3.2. Classification of LQI Patterns
To classify LQI value patterns, we adopted ANN classifier [16, 17]. Actually, LQI values between the target node and a reference node are not always the same even when measured in the same position and environment. In addition, there could be loss of beacon packets for measuring LQI values due to unreliable Zigbee radio or transport protocol. The major benefit of using ANN is that it can provide feasible classification results with such unstable data based on its error tolerance feature.
The ANN that we use is the multilayer perceptron (MLP)  consisting of three layers: input, hidden, and output layers. As shown in Figure 2, we associate the input nodes with reference nodes and the output nodes with predefined symbolic locations such as “Kitchen” and “Bedroom.” An MLP model for localization is produced by learning patterns of LQI values between a target node and reference nodes in a supervised manner using the error back-propagation (EBP) algorithm . Thus the resulting model represents the current location of the target node as associated with LQI values .
In more detail, assume that is the domain of LQI value tuples, where is the domain of an LQI value from a reference node . A classifier learning dataset and each learning data , where is the domain of a symbolic location and is a tuple of LQI values measured at location . Note that each LQI value ranging from 0 to 255 needs to be normalized to a scale of 0 to 1 for learning.
4.1. Experimental Environment
Figure 3 illustrates our ubiquitous home test bed and the actual Zigbee sensor nodes used in the experiments. As shown in the figure, the test bed has 7 locations such as “Entrance,” “Living room,” “Bedroom,” “Bathroom,” “Kitchen,” “Guest room,” and “Back door.” And there are seven Zigbee sensor nodes including one mobile target node and six reference nodes indicated with red rounded rectangles. Each sensor node is developed with a CC2420 Zigbee radio transceiver  and basically acts as a wireless sensor node getting environmental data such as temperature, humidity, and brightness of the test bed. We used a Windows-based laptop PC as the base station and implemented the experimental localization classifier on the base station using WEKA , an open data mining library implemented in Java .
4.2. Experimental Data
For learning and testing of the localization classifier, it is required to measure LQI values between the target node and the reference nodes for each location of the test bed. We gathered LQI values for each location moving from the center of the location to the border of the location along with a spiral trajectory. At first, we gathered 100 tuples of LQI values for each location (i.e., total 700 tuples for 7 locations) and used the tuples to train the localization classifier. Figure 4 illustrates comparison of LQI value patterns among the three adjacent locations of the test bed: “Entrance,” “Living room,” and “Kitchen.” The diagrams are generated from the LQI value tuples used for learning. For reference, the -axis displays each reference node and the -axis displays normalized LQI values. As shown in the diagrams, the range of individual LQI values widely overlaps among the locations, but the tuples of LQI values at each location form distinguishable patterns.
4.3. Experimental Results and Discussion
After training the localization classifier, we gathered another 60 tuples of LQI values for each location (total 420 tuples for 7 locations) at randomly selected positions within the location to test the classifier. Table 1 shows the confusion matrix for the test results. As shown in the matrix, the overall localization accuracy is about 74.8%. Actually, in the real application environments where the trails of the target node are mostly concentrated around the center of each location, the overall accuracy would go up due to the reduction of misclassifications at the border areas (lightly shaded cells in the matrix).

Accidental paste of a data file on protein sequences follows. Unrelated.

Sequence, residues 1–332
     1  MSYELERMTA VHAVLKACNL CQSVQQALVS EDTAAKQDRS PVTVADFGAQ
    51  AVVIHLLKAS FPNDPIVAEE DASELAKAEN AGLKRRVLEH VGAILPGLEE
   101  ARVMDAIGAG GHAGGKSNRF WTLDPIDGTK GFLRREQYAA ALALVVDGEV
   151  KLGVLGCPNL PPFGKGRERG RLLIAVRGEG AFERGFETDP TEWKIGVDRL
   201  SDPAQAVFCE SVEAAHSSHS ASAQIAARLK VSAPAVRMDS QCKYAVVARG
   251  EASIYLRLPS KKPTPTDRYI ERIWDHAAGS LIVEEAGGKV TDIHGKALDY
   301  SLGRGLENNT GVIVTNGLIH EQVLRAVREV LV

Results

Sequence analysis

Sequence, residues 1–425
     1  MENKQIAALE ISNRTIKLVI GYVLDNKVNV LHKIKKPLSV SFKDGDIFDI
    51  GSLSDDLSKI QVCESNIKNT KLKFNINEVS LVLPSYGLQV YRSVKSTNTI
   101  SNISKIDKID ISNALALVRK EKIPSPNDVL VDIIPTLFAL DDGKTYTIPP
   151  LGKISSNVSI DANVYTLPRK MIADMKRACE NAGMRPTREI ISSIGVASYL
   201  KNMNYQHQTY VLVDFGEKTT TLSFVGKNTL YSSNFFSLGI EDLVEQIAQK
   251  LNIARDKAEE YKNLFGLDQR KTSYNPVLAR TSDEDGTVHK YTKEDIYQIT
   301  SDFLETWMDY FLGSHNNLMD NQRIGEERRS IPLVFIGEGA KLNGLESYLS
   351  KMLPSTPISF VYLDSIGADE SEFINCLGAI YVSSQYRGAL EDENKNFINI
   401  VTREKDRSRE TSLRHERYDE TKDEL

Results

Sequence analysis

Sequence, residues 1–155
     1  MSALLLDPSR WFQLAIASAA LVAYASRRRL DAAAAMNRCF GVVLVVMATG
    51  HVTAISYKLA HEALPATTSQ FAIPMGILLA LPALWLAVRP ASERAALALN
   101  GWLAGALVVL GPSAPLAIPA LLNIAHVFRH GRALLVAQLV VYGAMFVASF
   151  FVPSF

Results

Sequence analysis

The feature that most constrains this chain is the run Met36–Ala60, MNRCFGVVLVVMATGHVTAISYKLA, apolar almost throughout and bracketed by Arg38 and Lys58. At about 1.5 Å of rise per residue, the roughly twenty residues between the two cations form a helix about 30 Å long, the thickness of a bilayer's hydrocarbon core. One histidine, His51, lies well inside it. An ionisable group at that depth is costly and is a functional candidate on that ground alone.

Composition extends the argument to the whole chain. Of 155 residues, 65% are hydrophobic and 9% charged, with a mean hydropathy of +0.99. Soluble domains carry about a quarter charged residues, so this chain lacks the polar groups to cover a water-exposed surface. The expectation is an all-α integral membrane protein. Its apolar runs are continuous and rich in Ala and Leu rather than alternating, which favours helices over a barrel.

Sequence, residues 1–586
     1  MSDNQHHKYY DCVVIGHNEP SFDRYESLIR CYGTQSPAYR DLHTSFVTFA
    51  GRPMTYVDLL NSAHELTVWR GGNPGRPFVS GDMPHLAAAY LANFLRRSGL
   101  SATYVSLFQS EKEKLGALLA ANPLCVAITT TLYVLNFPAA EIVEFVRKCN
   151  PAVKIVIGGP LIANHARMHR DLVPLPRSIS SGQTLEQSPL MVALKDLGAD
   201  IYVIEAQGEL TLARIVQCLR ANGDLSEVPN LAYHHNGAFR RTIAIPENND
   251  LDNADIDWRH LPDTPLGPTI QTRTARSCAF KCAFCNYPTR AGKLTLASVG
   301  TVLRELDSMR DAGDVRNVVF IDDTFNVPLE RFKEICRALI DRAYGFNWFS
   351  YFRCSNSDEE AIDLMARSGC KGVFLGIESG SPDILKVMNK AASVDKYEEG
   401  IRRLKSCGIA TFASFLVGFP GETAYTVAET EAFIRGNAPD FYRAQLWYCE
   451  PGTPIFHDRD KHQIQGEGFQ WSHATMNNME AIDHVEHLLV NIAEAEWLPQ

Table 2 compares the localization results between different test datasets to show the effect of misclassifications at the border areas. The first row of the table summarizes the matrix in Table 1 where all the 420 LQI value tuples gathered at each location are used as the test data. And the second row of the table summarizes the localization results of using 280 tuples excluding 140 tuples gathered around the border of each location. As shown in the table, when we exclude LQI value tuples around the border areas, the localization accuracy goes up from 74.8% to 91.8%. Based on these results, we can insist that the overall localization performance would be feasible in the actual application environments.
Table 3 shows additional localization result with the triangulation method using the dataset used to test the localization classifier in the previous experiments. To calculate location of the target node, we chose the 3 highest LQI values from each tuple of the test dataset and then identified locations of the 3 reference nodes that measured those highest LQI values. As shown in the additional localization result, interference with the walls of the test bed affected localization accuracy of the triangulation method, which is based on the theory that the measured values of link quality fall off with distance between the target node and the reference nodes. That is, with such a localization method, it is hard to provide proper localization accuracy in some indoor environments with obstacles such as walls of the test bed.
In addition, it is possible to improve the localization performance more by using topological knowledge about the application environments. For instance, we can remove the incorrect classification results (darkly shaded cells in Table 1) using an adjacency matrix among the locations.
Localization is one of the most important functionalities of ubiquitous sensor networks because the location-based service is one of the most typical applications of ubiquitous computing.
In this paper, we proposed an efficient indoor localization method for Zigbee sensor networks using classification of link quality patterns between each reference node and a target node in a specific location rather than using calculation with received radio signal strength or arrival time. To classify link quality patterns for each location, we implemented an ANN localization classifier with WEKA and Java based on the proposed localization method. Furthermore, we performed localization experiments in our ubiquitous home network test bed using the actual Zigbee sensor nodes deployed in the test bed and the ANN localization classifier.
Finally, our future research direction will focus on indoor human location tracking and behavior recognition based on the proposed localization method and a temporal pattern recognition technique such as hidden Markov model (HMM) .
This research was supported by MSIP (Ministry of Science, ICT & Future Planning), Korea, under the ITRC (Information Technology Research Center) support program (NIPA-2013-(H0301-13-1012)) supervised by the NIPA (National IT Industry Promotion Agency).